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Puppet Show Reveals Dark Truths About Bollywood

Using live actors dressed up as marionettes,director Anurupa Roy brings to Bangalore untold stories from Mumbai showbiz

Published: 23rd September 2014 06:04 AM  |   Last Updated: 23rd September 2014 06:04 AM   |  A+A-

BANGALORE: A struggling actor, an ‘item girl’, the casting couch, rivalry between leading actors, the tragedy of an aging superstar. All this and more from Bollywood find their way into Delhi-based puppeteer and director Anurupa Roy's puppet play, Bollywood Bandwagon, to be staged in Bangalore next week.

showbiz.jpgHer group has experimented with unique techniques to draw parallels between reel and real. So instead of marionettes, actors dress up to look like miniature puppets; their heavily made-up faces the only giveaway. "The puppets caricature the characters with disproportionate human heads," says Roy.  

This humanette puppet show is also strictly for adults.

"The play is a satire which looks at the making of '90s Bollywood film through the camera and all the behind-the-camera goings-on. It explores the back stories of Bollywood," Roy told City Express.

showbiz-1.jpgThe varied techniques play with the psychology of the audience. "The audience has a choice, to see the finished film, in live feed above the main stage in a projection, or see the making of the film on stage with all its messy chaos open to scrutiny. The play focuses on the duality of ‘tinsel-town’, with its airbrushed glamour on one side and its underbelly on the other. The camera becomes the ‘eye’ which is aware of this duality," Roy said.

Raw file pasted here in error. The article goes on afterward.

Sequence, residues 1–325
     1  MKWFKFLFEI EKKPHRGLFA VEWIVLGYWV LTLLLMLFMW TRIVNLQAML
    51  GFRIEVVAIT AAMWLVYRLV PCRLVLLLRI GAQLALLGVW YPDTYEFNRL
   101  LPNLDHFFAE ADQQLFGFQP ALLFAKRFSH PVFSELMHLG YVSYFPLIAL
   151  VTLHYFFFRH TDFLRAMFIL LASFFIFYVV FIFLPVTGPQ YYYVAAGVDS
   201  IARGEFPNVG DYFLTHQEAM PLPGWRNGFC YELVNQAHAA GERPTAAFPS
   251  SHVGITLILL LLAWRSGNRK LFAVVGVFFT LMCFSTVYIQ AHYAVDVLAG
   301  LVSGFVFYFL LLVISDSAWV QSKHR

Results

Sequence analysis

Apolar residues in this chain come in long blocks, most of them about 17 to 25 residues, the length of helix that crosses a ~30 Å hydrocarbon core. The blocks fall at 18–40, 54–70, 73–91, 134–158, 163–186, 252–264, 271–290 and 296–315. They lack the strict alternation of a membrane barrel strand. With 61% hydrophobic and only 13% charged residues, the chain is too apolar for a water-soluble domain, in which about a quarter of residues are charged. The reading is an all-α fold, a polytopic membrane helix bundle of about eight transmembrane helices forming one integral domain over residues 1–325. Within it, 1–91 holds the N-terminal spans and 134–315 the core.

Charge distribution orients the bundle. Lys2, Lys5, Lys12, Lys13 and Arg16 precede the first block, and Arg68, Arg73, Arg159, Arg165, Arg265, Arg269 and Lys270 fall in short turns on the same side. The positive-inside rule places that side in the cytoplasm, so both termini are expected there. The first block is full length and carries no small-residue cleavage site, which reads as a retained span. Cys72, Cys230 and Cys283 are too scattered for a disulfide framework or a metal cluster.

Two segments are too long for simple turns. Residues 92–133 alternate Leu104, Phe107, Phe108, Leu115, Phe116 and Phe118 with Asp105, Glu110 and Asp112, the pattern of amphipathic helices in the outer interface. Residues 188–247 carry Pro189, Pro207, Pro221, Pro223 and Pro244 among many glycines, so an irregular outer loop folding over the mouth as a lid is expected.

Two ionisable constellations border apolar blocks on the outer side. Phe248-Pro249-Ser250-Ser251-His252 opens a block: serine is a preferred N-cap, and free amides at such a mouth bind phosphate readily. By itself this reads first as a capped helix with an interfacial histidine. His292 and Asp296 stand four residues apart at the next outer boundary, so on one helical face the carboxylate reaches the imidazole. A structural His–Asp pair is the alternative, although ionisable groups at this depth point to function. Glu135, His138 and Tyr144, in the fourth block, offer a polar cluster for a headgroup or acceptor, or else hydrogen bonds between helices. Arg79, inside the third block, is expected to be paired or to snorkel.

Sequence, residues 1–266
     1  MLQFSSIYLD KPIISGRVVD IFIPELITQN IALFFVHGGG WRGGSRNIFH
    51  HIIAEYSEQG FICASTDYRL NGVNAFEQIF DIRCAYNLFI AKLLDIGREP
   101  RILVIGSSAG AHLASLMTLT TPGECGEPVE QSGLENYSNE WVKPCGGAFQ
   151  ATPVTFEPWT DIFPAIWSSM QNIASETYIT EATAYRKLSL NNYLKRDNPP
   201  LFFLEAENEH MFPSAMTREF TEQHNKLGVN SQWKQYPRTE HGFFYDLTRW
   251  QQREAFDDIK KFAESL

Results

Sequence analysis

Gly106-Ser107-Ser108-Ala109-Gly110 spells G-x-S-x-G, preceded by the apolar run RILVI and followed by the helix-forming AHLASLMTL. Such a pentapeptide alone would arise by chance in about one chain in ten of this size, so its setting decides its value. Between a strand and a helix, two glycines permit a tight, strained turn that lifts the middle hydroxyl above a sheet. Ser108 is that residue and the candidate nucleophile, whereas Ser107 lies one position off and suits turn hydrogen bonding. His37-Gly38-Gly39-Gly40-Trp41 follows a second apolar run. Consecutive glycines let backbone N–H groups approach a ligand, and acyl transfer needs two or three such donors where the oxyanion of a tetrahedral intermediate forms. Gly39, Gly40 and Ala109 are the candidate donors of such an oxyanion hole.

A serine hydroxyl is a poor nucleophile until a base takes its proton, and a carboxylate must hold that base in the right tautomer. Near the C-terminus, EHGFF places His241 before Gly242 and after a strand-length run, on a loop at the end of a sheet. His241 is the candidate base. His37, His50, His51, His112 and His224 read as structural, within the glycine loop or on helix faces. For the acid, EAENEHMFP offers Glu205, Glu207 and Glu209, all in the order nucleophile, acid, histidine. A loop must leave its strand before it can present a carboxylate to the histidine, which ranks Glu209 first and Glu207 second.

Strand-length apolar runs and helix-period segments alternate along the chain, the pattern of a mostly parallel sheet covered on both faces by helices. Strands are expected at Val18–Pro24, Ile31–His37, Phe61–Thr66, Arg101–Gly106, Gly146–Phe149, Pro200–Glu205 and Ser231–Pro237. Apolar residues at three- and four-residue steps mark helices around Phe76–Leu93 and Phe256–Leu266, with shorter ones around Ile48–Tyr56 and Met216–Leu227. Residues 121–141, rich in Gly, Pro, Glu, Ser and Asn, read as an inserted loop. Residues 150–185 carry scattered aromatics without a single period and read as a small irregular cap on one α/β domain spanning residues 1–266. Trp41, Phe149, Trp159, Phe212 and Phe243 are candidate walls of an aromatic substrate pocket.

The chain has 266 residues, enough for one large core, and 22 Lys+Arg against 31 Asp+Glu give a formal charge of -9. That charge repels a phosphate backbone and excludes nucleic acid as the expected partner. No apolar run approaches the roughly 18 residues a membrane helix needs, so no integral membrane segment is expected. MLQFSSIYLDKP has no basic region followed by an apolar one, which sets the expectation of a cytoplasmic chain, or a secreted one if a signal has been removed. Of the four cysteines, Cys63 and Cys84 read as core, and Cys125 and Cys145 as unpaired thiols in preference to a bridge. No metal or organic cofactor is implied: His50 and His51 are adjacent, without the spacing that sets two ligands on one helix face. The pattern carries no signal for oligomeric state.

The director has picked stereotypical Bollywood characters and scripted out an equally cliched script. While the finished film is being played on a screen, the 'puppets' represent a different story on the stage- a story of struggles, a story of lost fame, a story of scandals, a story where only sex sells.

"The characters don't represent one actor in particular. They are an amalgam of different personalities. The story speaks of the struggles of new actors and the insecurities of the old ones," she adds.

And to put these stories on paper wasn't easy.

The team spent almost six months collecting experiences from people in Mumbai and reading studies on Bollywood. A series of articles written by Saadat Hasan Manto also became a referral point.

"Stories of all people we interviewed have made their way into the play. These are people who have struggled hard to break in but in vain. We also watched a lot of films from the '90s to get the stereotypical characters right."

Over the past four years, Roy has come to Bangalore a number of times with puppet theatre. And she feels Bangalore audience is the most accepting. "As compared to all other cities, Bangalore is open to new ideas. I am never scared of bringing quirky ideas to this city. We have got this play to the city before as well. I was surprised to see the reception we got. People were clearly having a good time," she says.

Katkatha Puppet Arts Trust will presents 'Bollywood Bandwagon' on September 27 and 28 at Ranga Shankara.



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